Overnight storm causes serious damage

Chopper 6 looks down on the damaged metal fabrication facility in Philadelphia's Summerdale section.

November 17, 2010 3:24:14 PM PST
A violent storm whipped through the Delaware Valley early Wednesday morning, causing serious damage and knocking out power.

PECO says as many as 17,000 customers lost power earlier today, but the remaining problems are scattered. Toppled trees were largely responsible for snapping power lines and causing most of the power outages.

The bulk of those outages are in Bucks County.

The storm has uprooted trees all across the Delaware Valley, especially in Bucks and Montgomery counties. Philadelphia and South Jersey were hit hard as well.

Meanwhile, high winds flipped over small planes at the Trenton-Mercer Airport in West Trenton and tore off the roof of an airport office building.

The winds hit at about 4:00 a.m. Seven light aircraft were damaged, including one belonging to the Mercer County Community College Flight School. No injuries were reported. Airport runways were in kept in full operation for all tenants and transient aircraft, officials said.

The owner of one of the damaged planes, Darren Wilson of Yardley, Pa., made his way to Trenton to check out the damage.

"The wings have the most significant damage," said Wilson. "The [propellor] appears to have been struck straight into the ground and the cockpit is crushed."

In Bucks County, swirling gusts partially collapsed the roof at the Hampton Inn Suites in Lower Makefield Township.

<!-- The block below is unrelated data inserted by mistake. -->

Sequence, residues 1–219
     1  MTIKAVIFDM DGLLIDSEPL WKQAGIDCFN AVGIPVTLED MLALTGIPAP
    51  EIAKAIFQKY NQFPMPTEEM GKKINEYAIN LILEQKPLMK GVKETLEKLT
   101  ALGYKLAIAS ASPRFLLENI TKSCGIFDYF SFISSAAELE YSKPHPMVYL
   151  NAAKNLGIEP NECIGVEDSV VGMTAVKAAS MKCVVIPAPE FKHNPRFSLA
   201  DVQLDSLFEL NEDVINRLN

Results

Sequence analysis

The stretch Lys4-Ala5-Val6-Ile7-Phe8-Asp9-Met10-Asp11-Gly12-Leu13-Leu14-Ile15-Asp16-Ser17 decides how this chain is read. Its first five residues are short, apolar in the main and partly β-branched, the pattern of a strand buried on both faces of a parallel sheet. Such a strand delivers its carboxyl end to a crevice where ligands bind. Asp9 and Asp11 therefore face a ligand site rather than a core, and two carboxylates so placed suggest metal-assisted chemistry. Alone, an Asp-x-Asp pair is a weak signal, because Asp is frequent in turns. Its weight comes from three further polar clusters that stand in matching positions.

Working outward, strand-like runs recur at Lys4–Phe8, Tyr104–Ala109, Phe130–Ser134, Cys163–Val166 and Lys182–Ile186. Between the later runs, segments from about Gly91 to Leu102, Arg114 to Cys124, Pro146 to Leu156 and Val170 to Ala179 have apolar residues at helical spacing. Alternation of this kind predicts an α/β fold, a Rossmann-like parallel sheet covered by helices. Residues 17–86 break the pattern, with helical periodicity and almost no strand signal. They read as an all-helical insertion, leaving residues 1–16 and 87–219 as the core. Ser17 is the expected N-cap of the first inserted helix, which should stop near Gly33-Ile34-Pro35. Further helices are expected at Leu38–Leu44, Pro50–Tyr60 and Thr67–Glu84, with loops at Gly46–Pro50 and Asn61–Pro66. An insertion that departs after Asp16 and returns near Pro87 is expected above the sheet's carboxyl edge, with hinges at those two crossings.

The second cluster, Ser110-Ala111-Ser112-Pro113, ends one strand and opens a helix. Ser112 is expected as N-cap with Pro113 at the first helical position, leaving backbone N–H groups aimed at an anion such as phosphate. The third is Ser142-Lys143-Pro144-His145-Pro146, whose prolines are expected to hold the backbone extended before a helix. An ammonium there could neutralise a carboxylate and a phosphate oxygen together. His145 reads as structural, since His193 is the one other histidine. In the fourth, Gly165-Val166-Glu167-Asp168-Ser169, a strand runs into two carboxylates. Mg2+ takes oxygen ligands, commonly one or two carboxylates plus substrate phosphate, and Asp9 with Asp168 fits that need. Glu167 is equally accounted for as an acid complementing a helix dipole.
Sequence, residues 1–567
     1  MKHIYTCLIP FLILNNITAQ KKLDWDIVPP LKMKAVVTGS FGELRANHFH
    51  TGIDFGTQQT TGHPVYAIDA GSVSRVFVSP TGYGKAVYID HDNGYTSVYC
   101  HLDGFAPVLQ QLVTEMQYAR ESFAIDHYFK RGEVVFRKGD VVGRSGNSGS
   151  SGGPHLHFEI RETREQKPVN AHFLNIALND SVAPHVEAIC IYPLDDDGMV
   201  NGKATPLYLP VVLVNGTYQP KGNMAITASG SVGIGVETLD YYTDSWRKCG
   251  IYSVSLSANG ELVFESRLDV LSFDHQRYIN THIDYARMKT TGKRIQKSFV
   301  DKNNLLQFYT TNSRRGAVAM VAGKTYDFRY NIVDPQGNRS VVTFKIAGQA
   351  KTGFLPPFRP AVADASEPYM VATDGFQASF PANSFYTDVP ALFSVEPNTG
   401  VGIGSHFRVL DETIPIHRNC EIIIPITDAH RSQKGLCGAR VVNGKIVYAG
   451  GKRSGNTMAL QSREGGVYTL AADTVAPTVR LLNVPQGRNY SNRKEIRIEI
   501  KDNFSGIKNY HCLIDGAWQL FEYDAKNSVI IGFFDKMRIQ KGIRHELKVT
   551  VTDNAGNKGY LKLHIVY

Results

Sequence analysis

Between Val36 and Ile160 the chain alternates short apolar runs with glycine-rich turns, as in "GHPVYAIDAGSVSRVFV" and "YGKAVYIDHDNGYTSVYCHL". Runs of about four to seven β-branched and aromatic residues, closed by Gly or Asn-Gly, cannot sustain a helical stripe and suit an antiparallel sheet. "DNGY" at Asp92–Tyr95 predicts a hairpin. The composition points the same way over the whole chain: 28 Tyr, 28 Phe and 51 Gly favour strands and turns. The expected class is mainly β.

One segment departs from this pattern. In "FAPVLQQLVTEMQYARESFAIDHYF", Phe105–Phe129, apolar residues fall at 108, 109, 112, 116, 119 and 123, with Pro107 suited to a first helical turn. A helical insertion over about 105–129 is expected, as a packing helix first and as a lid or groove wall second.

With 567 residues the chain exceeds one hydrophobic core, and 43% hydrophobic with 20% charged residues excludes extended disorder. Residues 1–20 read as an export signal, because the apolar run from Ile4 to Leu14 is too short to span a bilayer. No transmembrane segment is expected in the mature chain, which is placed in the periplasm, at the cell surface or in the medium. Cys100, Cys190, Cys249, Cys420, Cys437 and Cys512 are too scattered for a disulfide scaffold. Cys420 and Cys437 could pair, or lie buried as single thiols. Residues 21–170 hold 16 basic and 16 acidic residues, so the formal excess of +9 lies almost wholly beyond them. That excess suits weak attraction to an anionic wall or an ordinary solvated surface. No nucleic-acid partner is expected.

Employees at the hotel said it felt like a tornado blew through the building, causing doors to fly open and slam shut in the lobby, while tearing apart a section of the roof.

"It sounded like a car crashed through the lobby. That's what brought me out here," the night manager said.

Hotel officials told Action News that most of the damage is inside the hotel.

The building was filled with guests, but there were no evacuations and no reports of any injuries.

In Philadelphia, the storm focused much of its fury on the Whitaker Avenue area. A scrap metal company had its windows blown out and shattered, the roof was torn off and even a generator nearly toppled over.

Truck driver David Ferrick was sleeping in his cab when the straight line winds hit shortly after 3:00 a.m.

"It was a whistling sound like a freight train coming through there," he said. "It was weird."

Ferrick says power lines began to rain down on his truck and much of the surrounding area. He soon realized he was stuck.

"The way the cab started lifting up and down... I really got worried about that," said Ferrick.

Down the road at the Naval Logistics Base, trees were uprooted and the facility suffered other major damage.


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